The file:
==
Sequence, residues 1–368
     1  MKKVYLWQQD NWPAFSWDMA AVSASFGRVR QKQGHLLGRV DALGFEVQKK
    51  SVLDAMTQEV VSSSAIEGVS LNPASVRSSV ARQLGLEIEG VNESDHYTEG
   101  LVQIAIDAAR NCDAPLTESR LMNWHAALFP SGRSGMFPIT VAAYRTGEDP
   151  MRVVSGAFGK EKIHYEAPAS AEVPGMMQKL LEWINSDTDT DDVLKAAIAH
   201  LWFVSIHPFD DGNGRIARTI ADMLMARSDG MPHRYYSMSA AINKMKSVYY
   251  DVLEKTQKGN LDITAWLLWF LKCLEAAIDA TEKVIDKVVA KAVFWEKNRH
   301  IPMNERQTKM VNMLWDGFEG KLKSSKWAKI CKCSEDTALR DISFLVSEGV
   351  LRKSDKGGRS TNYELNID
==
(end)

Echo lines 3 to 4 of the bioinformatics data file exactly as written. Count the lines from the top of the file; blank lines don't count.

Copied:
    51  SVLDAMTQEV VSSSAIEGVS LNPASVRSSV ARQLGLEIEG VNESDHYTEG
   101  LVQIAIDAAR NCDAPLTESR LMNWHAALFP SGRSGMFPIT VAAYRTGEDP